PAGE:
Learning Cycle Metaphor

Focus

The iterative dynamic of learning

Principal Metaphors

  • Knowledge is … ever-changing, iteratively generated scope of possibilities
  • Knowing is … current possibilities
  • Learning is … any dynamic, adaptive system
  • Learning is … iterative elaboration
  • Teaching is … N/A

Originated

1930s

Synopsis

The metaphor of a Learning Cycle is an explicit alternative to the imagery implicit in linearized conceptions of learning. Rather than casting learning as an accumulative process, the metaphor of a Learning Cycle channels attention to the roles experience and reflection. That is, learning is imaged not as lines, steps, and progress, but as iterative loops, elaborations, and growth. This imagery is common across Coherence Discourses, and it is especially prominent among Developmental Discourses and those perspectives that foreground action and reflection.

Commentary

The notion of a Learning Cycle does not offer not much to critique – as might be interpreted from its ubiquity across Coherence Discourses.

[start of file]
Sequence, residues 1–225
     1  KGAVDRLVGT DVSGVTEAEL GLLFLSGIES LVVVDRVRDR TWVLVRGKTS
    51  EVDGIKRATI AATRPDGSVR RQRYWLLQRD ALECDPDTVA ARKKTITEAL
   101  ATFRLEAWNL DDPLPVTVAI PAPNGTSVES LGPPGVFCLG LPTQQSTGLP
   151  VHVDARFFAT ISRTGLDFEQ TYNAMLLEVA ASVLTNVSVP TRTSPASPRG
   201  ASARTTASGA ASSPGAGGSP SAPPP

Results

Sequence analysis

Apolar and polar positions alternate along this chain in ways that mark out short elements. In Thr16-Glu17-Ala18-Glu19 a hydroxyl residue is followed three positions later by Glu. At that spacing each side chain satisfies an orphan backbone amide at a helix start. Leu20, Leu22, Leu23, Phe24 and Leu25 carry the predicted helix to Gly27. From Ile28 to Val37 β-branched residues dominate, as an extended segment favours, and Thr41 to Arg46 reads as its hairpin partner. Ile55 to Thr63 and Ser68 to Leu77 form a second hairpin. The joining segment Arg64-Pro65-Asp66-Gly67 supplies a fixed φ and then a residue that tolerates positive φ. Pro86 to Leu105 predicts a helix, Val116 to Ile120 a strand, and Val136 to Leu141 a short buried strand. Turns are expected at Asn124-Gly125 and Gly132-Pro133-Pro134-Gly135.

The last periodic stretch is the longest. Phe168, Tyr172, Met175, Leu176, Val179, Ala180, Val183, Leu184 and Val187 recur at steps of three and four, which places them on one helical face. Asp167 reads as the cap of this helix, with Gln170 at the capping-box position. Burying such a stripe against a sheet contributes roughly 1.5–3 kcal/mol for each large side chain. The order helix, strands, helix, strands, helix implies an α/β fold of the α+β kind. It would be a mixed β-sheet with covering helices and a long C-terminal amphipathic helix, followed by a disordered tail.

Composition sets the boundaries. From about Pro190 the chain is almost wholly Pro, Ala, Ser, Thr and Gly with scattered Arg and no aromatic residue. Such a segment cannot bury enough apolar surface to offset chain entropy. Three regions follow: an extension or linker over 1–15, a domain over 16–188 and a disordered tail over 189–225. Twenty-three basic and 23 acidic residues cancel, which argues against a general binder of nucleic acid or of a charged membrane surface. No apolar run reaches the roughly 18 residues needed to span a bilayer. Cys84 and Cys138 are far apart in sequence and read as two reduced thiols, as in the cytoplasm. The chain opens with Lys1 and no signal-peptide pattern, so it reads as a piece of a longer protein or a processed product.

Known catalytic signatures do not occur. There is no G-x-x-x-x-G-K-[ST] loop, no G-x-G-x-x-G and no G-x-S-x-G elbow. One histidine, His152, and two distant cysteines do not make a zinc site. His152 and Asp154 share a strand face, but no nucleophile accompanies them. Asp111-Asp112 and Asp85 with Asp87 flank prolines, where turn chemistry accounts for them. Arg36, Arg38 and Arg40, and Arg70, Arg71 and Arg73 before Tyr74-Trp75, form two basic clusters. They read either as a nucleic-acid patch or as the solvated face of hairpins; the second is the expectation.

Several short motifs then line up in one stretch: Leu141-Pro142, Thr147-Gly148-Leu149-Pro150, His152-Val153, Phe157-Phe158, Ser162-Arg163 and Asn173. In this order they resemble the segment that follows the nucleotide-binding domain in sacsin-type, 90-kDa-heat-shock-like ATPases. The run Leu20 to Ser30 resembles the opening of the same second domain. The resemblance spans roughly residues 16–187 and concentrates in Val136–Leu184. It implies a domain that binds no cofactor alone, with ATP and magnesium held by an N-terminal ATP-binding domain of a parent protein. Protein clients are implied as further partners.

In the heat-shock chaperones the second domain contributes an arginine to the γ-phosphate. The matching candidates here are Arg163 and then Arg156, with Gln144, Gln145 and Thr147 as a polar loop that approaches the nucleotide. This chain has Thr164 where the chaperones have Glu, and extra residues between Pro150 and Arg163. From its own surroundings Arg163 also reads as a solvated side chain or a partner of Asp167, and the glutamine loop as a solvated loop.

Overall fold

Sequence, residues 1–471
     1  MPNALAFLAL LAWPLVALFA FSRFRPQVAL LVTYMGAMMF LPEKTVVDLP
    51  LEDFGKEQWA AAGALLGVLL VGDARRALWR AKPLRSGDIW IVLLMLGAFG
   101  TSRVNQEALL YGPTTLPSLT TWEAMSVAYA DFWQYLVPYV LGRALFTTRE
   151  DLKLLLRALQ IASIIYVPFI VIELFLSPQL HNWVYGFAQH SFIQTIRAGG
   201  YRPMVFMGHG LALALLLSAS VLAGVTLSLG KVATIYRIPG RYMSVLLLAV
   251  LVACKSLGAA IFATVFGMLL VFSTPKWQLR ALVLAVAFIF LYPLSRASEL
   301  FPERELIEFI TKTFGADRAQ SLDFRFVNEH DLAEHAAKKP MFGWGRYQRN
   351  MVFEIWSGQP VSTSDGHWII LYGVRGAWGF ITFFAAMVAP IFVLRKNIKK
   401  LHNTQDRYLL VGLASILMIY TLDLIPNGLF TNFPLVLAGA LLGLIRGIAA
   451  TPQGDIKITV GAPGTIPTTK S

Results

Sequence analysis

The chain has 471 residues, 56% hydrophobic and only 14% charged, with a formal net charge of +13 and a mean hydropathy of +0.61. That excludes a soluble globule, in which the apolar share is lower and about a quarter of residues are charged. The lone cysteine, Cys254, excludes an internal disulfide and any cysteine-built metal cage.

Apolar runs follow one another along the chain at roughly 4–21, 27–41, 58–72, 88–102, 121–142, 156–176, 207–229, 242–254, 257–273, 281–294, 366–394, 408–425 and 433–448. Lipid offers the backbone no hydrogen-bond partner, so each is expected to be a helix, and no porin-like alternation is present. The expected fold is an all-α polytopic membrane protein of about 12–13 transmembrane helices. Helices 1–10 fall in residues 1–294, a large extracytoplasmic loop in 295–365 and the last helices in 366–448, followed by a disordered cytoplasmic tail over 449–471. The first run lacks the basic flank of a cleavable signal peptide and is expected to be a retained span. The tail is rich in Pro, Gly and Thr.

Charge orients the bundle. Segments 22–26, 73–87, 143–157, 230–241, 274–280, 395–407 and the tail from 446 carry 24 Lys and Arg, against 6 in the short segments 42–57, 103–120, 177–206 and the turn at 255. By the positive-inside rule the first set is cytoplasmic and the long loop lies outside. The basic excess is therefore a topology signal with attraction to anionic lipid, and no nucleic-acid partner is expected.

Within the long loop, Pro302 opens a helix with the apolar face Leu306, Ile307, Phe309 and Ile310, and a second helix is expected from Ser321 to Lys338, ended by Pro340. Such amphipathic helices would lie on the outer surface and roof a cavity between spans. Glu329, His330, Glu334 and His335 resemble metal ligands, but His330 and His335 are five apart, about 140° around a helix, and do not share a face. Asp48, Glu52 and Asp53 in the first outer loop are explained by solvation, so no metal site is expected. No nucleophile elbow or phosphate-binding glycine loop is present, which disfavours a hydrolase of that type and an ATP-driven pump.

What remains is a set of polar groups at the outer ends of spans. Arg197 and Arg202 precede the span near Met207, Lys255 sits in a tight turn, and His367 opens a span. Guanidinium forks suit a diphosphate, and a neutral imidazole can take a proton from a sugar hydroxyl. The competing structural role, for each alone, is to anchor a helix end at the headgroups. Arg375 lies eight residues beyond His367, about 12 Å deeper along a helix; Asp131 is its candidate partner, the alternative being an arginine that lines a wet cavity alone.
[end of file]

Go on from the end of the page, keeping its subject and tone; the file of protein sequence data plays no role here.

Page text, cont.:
Authors and/or Prominent Influences

Diffuse. As noted, the notion is invoked in virtually all Coherence Discourses.

Status as a Theory of Learning

A Learning Cycle is a principle of learning that is invoked by almost all Coherence Discourses. It is a metaphor/image used to describe a specific learning dynamic, but it falls short of a being a full-blown theory of learning.

Status as a Theory of Teaching

A Learning Cycle is not a theory of teaching.

Status as a Scientific Theory

There is a substantial body of evidence supporting the utility of the metaphor of a Learning Cycle. Perhaps the strongest and most explicit support has been provided in empirical research associated with Complex Systems Research.

Map Location



Please cite this article as:
Davis, B., & Francis, K. (2020). “Learning Cycle Metaphor” in Discourses on Learning in Education. https://learningdiscourses.com.


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